“I will be in his eyes k’metate’ah (like an impostor).” (Bereshith 27:12)
As explained previously, lying is such a serious transgression that it is compared to idol worship. Truth, on the other hand, is such a fundamental value in Jewish thought that clinging to truth can lead one to a life of Torah observance, as described in the following story.
An inveterate thief once approached a rav with the announcement that he had decided to abandon his life of crime. He begged the rav to tell him what he could do to make amends for his many acts of theft. He fully expected the rav to instruct him to undergo a rigorous process of repentance.
The rav, however, realized that any such stringent regimen would prove too difficult for the penitent thief, and he would not be able to maintain it for long. He therefore told the thief that the only change he would need to accept upon himself was an absolute dedication to truth under all circumstances; he should never allow himself to utter even the smallest lie. The thief gave his word that he would do as the rav had instructed him, and with that he left the rav’s home, delighted that so little was being demanded of him.
It was not long before the thief’s excitement over the notion of repenting wore off, and he was seized by the urge to rob someone’s house. As he was on his way to carry out his intention, someone inquired of him where he was headed. Remembering the one promise he had made to the rav, he would not lie, but neither could he bring himself to tell the truth – that he was going to commit a theft. He therefore changed his mind about his anticipated action, and returned home. This scene repeated itself in various forms again and again, until finally he realized that his career as a thief was over; never again would he attempt to steal. He was then able to put his past behind him completely and make a fresh start1.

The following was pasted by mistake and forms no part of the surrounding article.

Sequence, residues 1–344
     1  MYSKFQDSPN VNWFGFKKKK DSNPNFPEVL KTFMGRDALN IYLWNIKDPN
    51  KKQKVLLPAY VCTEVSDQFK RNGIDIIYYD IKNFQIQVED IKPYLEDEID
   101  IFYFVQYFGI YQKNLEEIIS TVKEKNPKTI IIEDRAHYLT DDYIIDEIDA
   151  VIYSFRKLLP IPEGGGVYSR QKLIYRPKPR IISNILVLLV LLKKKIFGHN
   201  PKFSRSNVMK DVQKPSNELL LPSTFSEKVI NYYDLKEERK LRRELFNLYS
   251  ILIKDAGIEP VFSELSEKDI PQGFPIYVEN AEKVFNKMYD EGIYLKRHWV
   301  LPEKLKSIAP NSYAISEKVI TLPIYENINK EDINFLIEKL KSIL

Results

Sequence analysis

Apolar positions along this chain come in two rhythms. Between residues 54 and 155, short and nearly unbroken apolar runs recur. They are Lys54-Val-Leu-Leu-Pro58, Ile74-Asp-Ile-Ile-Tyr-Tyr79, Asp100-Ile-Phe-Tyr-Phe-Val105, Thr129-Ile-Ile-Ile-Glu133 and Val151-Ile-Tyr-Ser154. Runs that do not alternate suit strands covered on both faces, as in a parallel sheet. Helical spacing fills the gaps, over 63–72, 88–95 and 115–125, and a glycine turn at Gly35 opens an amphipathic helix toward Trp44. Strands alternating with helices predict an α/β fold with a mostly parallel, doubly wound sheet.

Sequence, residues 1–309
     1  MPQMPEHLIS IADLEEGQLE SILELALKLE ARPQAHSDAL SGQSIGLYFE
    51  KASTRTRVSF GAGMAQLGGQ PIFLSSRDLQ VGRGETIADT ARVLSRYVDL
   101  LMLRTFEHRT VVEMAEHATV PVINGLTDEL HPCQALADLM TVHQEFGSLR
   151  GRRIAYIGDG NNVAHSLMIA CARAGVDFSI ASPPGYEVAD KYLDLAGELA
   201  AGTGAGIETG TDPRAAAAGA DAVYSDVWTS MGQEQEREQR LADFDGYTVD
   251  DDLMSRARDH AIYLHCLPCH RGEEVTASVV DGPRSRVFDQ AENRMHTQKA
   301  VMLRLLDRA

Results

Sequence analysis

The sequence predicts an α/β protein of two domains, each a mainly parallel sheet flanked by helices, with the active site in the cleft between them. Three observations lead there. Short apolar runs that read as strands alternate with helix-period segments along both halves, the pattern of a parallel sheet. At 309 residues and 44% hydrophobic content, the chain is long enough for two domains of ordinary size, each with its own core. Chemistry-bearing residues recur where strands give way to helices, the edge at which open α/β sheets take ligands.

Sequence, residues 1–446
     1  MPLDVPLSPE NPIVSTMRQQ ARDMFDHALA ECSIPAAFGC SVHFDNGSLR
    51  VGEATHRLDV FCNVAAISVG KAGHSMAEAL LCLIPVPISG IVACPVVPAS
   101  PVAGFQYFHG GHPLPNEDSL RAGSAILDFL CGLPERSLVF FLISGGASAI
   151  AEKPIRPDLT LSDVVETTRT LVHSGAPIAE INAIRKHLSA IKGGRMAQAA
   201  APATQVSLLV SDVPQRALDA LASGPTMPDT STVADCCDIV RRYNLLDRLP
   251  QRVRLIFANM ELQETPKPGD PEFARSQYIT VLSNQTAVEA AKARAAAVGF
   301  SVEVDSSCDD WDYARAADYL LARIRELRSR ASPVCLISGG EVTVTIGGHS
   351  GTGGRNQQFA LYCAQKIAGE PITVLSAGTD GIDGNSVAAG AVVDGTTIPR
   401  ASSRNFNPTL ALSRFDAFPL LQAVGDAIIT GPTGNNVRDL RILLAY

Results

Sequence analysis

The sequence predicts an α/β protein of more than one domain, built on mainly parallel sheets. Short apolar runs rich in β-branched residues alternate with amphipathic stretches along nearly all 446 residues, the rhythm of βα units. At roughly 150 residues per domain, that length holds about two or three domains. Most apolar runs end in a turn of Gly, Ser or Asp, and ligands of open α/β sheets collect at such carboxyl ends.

How did the rav know that merely telling the thief not to lie would influence his behavior so dramatically? Rav Yochanan ben Zakkai taught that the embarrassment caused by fear of what others will think is the strongest motivation to stop one from transgressing2. Since people are in constant interaction with one another, it would be nearly impossible for the penitent thief to remain faithful to his promise to always speak the truth while maintaining a life of crime. A steadfast dedication to the truth was therefore the most appropriate way of keeping him from faltering while correcting his ways.
1 Sefer Chasidim 647.
2 Brachoth 28b.
Text Copyright © 2007 by Rabbi Daniel Travis and Torah.org